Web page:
In the spring of 1931, Escher and his wife travelled together along the Amalfi coast, an area of which they both had fond memories, not least because they met there in 1923. They visited places like Vietri, Puntone, Scala, Positano, Praiano and of course Ravello. Here stood the Albergo dell Toro, the hotel where Maurits and Jetta first set eyes on one another. The town has special significance for them and is given prominence in Escher’s work too. He was particularly affected by the Spanish-Islamic motifs he found in the town, including the ones in the Duomo. He did several drawings and took several photos in Ravello and the town can also be seen in a series of prints that he produced in the early 1930s. One is San Giovanni, Ravello (in Campidoglio), Ravello. A wood engraving from February 1932.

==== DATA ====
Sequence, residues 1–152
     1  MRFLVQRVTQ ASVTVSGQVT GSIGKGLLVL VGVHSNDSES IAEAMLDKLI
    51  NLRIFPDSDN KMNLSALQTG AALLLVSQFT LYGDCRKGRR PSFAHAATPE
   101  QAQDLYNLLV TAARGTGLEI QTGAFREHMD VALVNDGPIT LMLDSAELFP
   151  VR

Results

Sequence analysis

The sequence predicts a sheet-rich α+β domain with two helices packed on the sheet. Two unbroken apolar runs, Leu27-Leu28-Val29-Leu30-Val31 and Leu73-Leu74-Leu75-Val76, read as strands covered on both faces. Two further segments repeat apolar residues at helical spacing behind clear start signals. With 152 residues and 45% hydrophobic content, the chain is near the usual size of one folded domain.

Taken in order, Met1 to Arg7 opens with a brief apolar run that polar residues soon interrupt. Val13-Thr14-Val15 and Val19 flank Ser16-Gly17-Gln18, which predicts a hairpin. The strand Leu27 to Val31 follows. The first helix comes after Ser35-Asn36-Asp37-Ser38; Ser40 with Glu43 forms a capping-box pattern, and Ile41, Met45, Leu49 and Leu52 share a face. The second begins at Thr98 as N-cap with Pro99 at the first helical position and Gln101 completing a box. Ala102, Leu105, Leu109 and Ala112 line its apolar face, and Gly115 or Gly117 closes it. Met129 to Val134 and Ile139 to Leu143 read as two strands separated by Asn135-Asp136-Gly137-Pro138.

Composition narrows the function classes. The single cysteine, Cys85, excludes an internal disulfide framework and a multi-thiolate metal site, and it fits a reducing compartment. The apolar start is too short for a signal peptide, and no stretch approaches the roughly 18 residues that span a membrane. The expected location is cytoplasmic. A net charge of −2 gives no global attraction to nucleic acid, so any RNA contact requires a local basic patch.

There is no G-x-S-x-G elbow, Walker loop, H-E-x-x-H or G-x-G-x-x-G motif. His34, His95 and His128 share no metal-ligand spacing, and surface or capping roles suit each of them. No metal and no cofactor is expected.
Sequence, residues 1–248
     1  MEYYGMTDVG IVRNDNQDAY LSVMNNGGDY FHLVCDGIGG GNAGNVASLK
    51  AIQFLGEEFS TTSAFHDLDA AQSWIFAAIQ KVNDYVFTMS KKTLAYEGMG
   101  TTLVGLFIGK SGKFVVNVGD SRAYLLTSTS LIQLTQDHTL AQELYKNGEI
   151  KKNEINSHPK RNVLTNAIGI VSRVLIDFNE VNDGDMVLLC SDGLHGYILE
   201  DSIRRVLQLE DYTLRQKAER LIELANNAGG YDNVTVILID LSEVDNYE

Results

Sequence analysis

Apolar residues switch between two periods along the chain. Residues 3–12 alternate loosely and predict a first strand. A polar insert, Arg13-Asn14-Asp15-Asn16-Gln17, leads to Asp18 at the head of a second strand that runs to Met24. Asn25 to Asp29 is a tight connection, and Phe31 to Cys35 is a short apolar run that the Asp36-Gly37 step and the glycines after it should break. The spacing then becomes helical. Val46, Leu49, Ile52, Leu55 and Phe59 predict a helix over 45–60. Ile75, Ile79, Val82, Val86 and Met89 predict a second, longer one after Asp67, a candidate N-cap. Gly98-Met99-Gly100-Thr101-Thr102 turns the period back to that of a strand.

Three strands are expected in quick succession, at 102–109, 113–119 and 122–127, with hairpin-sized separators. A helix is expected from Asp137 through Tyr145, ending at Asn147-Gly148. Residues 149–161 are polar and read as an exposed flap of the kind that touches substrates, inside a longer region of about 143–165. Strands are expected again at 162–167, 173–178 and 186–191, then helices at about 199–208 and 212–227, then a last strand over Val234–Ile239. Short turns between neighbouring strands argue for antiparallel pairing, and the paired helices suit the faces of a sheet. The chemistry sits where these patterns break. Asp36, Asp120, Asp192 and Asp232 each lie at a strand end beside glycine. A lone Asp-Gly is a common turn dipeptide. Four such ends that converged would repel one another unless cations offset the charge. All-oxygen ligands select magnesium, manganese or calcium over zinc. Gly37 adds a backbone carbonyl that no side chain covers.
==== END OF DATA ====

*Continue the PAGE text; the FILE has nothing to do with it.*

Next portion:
On the print you can see a church which, after some investigative work, turns out to be the San Giovanni dell’Acqua. It is located on a hill west of Ravello, in the hamlet of Campidoglio.
This print is currently on display. It can be viewed in room 2 until the end of September.